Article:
26. Torto-Alalibo T, Meng S, Dean RA. 2009. Infection strategies of filamentous microbes described with the Gene Ontology. Trends in Microbiology. 17(7): 320-327. (July) PMID: 19577927
  27. Torto-Alalibo, T, Collmer, CW, Gwinn-Giglio, M. The Plant-Associated Microbe Gene Ontology (PAMGO) Consortium: Community Development of New Gene Ontology Terms Describing Biological Processes Involved in Microbe-Host Interactions. BMC Microbiology 2009, 9(Suppl 1):S1 (19 February 2009) PMC2654661
  28. Torto-Alalibo TA, Collmer CW, Lindeberg M, Bird D, Collmer A, Tyler BM. Common and Contrasting Themes in Host Cell-targeted Effectors from Bacterial, Fungal, Oomycete and Nematode Plant Symbionts described using the Gene Ontology. BMC Microbiology 2009, 9(Suppl 1):S3 (19 February 2009) PMC2654663
  29. Tseng, T-T, Tyler, BM, Setubal, JC. Protein Secretion Systems in Bacterial-Host Associations, and their Description in the Gene Ontology. BMC Microbiology 2009, 9(Suppl 1):S2 (19 February 2009) PMC2654662
  30. Tweedie, S., Ashburner, M., Falls, K., Leyland, P., McQuilton, P., Marygold, S., Millburn, G., Osumi-Sutherland, D., Schroeder, A., Seal, R., Zhang, H.; FlyBase Consortium. 2009. FlyBase: enhancing Drosophila Gene Ontology annotations. Nucleic Acids Res. Jan; 37(Database issue): D555-9. PMC2686450
  31. Van Auken K, Jaffery J, Chan J, Müller HM, Sternberg PW. Semi-automated curation of protein subcellular localization: a text mining-based approach to Gene Ontology (GO) Cellular Component curation. BMC Bioinformatics 2009, Jul 21;10:228. PMC2719631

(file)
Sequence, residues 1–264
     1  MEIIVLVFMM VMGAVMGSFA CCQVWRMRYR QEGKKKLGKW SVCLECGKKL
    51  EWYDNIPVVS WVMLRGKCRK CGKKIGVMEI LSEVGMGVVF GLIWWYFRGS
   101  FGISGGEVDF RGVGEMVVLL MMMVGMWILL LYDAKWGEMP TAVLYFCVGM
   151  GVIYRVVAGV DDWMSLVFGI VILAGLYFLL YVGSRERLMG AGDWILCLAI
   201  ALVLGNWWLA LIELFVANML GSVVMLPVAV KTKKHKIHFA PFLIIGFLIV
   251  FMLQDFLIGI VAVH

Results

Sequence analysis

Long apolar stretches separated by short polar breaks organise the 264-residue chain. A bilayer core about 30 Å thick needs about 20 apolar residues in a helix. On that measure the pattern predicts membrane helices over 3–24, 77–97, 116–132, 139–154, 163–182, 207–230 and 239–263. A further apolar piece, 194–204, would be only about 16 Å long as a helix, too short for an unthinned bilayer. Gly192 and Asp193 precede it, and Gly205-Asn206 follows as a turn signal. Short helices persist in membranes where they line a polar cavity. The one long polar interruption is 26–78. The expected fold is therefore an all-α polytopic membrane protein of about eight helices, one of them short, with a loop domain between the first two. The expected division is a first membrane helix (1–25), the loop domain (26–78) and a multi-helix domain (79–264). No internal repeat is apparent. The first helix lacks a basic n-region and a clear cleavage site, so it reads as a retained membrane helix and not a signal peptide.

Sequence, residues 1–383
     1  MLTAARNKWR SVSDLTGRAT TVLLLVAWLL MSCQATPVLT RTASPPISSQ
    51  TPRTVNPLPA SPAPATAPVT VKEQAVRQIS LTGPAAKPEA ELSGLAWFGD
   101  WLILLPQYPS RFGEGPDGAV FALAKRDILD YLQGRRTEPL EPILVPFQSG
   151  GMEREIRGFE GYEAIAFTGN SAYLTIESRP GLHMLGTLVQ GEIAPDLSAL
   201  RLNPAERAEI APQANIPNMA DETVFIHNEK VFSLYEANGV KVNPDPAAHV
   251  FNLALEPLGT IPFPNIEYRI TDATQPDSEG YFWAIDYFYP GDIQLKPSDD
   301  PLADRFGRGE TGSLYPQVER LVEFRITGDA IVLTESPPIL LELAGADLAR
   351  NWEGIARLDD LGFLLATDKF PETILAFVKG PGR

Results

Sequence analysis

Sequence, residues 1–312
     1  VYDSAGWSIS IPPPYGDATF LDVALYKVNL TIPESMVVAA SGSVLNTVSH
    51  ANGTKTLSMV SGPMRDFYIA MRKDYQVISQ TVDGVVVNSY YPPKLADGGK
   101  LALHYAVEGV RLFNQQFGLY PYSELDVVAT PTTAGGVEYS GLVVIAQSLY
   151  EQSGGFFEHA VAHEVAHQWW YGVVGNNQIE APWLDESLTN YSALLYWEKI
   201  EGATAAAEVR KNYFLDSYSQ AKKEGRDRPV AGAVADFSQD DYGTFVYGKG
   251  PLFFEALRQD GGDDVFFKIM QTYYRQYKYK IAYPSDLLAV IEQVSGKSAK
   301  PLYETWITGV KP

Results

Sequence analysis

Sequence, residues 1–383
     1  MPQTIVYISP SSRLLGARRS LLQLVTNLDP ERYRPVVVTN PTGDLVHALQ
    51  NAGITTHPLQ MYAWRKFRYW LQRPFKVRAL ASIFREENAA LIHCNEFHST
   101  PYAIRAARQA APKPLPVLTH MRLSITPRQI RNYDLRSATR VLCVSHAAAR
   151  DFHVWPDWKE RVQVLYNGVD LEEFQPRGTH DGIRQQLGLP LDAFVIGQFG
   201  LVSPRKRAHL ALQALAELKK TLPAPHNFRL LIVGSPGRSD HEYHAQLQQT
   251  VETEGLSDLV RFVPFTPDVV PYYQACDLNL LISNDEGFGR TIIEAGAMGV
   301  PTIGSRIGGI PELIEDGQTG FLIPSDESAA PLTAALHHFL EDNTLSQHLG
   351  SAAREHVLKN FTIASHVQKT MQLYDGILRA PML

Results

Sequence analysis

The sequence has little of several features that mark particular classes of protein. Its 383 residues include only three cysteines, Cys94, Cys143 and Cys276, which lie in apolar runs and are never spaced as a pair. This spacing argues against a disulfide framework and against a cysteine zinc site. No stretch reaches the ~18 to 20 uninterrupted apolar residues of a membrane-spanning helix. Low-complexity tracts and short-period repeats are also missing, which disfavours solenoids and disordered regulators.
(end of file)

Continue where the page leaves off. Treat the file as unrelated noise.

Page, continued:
32. Schober D, Smith B, Lewis SE, Kusnierczyk W, Lomax J, Mungall C, Taylor CF, Rocca-Serra P, Sansone SA. Survey-based naming conventions for use in OBO Foundry ontology development. BMC Bioinformatics. 2009 Apr 27;10(1):125. (April) PMC2684543
  33. Wortman J.R., Gilsenan J.M., Joardar V., Deegan J.I., Clutterbuck J., Andersen M.R., Archer D., Bencina M., Braus G., Coutinho P., von Döhren H., Doonan J., Driessen A.J., Durek P., Espeso E., Fekete E., Flipphi M., Estrada C.G., Geysens S., Goldman G., de Groot P.W., Hansen K., Harris S.D., Heinekamp T., Helmstaedt K., Henrissat B., Hofmann G., Homan T., Horio T., Horiuchi H., James S., Jones M., Karaffa L., Karányi Z., Kato M., Keller N., Kelly D.E., Kiel J.A., Kim J.M., van der Klei I.J., Klis F.M., Kovalchuk A., Krasevec N., Kubicek C.P., Liu B., Maccabe A., Meyer V., Mirabito P., Miskei M., Mos M., Mullins J., Nelson D.R., Nielsen J., Oakley B.R., Osmani S.A., Pakula T., Paszewski A., Paulsen I., Pilsyk S., Pócsi I., Punt P.J., Ram A.F., Ren Q., Robellet X., Robson G., Seiboth B., van Solingen P., Specht T., Sun J., Taheri-Talesh N., Takeshita N., Ussery D., vanKuyk P.A., Visser H., van de Vondervoort P.J., de Vries R.P., Walton J., Xiang X., Xiong Y., Zeng A.P., Brandt B.W., Cornell M.J., van den Hondel C.A., Visser J., Oliver S.G., Turner G. The 2008 update of the Aspergillus nidulans genome annotation: A community effort. Fungal Genetics and Biology. 46 (2009) S2–S13.